WASHINGTON, D.C. | February 26, 2013
We begin the new Congress addressing a familiar challenge. Over the last two years, the committee has taken a close look at the realities of a broken workforce development system.
Just yesterday, North Carolina’s Greensboro News & Record
drew attention to the problem of potentially thousands of well-paying manufacturing, construction, engineering, and nursing jobs sitting vacant in my state because there is a shortage of qualified applicants.
Employers from across the country are reporting the same: that there are jobs available, but not enough skilled workers to fill them. Individuals desperate for work but in need of additional learning to compete for these jobs must first navigate a maze of rules and programs before they can access the skills and education they need.
Meanwhile, the hands of state and local officials are tied by excessive mandates and red tape. In an economy that is constantly changing, the federal government has made it more difficult for workforce investment leaders to address the priorities of their communities.
Finally, taxpayer dollars are supporting too many bureaucrats and not enough workers. The federal government now spends $18 billion a year on myriad employment and training services, yet it can’t tell the American people whether they are earning a good return on their investment.
To illustrate the size of the problem, the poster to my left represents our current workforce development system – more than fifty programs spread across nine federal agencies. Caught in the center of this mess is a worker who has lost his or her job. This individual is eager to learn a new skill or trade, and is even more eager to return to work.
If this worker manages to navigate the workforce development system, data shows it is unlikely they will complete their program or access the tools actually needed to get a job in their community. Nearly two millions individuals participated in some form of service authorized under the Workforce Investment Act, but only 14 percent finished the instruction. Less than half of those who received employment assistance such as job searches and resume writing were able to find work. With such a hefty price tag, we must demand better results on behalf of those seeking jobs and the taxpayers footing the bill for this federal maze.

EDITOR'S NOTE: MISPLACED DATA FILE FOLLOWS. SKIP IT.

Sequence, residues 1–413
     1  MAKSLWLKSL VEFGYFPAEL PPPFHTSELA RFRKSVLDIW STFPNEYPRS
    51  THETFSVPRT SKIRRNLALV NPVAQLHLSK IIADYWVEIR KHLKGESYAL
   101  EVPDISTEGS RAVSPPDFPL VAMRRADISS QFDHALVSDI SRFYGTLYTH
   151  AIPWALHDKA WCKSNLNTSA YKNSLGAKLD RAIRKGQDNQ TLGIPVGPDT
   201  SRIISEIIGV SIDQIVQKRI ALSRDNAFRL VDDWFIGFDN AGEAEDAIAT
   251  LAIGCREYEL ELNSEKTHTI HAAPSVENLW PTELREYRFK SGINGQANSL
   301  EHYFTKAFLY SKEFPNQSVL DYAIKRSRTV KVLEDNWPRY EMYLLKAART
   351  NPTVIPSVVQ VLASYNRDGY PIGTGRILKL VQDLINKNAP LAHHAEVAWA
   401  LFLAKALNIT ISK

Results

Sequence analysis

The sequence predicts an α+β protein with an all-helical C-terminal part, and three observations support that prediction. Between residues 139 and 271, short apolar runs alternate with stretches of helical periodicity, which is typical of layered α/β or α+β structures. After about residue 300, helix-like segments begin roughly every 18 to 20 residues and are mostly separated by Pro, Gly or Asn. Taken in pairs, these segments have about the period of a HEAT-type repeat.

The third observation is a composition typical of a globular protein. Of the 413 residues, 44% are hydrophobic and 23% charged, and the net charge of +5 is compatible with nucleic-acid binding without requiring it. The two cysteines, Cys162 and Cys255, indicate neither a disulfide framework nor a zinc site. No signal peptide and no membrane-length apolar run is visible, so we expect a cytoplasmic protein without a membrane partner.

Today’s workforce development system is failing workers, employers, and taxpayers. Instead of a dynamic network of employment support, we have a massive bureaucracy that stifles innovation and wastes resources. As a result, employers cannot hire a skilled workforce, workers are stranded in unemployment, and our ability to grow and prosper as a nation is diminished.
The need to fundamentally change the status quo has never been greater. President Obama said last year that it was “time to turn our unemployment system into a reemployment system.” That is precisely what the Supporting Knowledge and Investing in Lifelong Skills Act will do.
The first step toward an effective workforce development system is to rein in the federal bureaucracy. The SKILLS Act eliminates and streamlines dozens of ineffective and duplicative programs. The bill replaces these programs with a new Workforce Investment Fund, providing states a more efficient resource to deliver the support their workforce needs.
The president has urged Congress to cut through the maze of confusing programs and create one program for individuals to find the help they need. Republicans support that effort, and in fact, the SKILLS Act is the only proposal that moves us toward the president’s goal.
While streamlining the federal role is important, we must also empower our job creators, state leaders, and local officials. Doing so means changing the way workforce investment boards operate. These boards are responsible for policies and oversight of employment and training services, yet the federal government dictates who must serve on the boards.
The SKILLS Act increases the number of employer representatives and allows state and local leaders to determine the rest. Despite some critics’ claims, the legislation does not prohibit any stakeholder – including unions – from serving on a workforce investment board. However, Washington will no longer be in the business of picking winners and losers. It is up to state and local officials to decide who best represents their communities.
These are just some of the positive reforms in the SKILLS Act. I expect we will discuss others throughout the hearing, including how the bill encourages greater collaboration with community colleges and promotes accountability over the use of taxpayer dollars.
No doubt we will also have a lively debate. I welcome that debate and also welcome the opportunity to advance commonsense reforms that will fix a broken workforce development system and serve the best interests of our country. It is time to be bold with how we prepare today’s workers to compete and succeed in this new economy.
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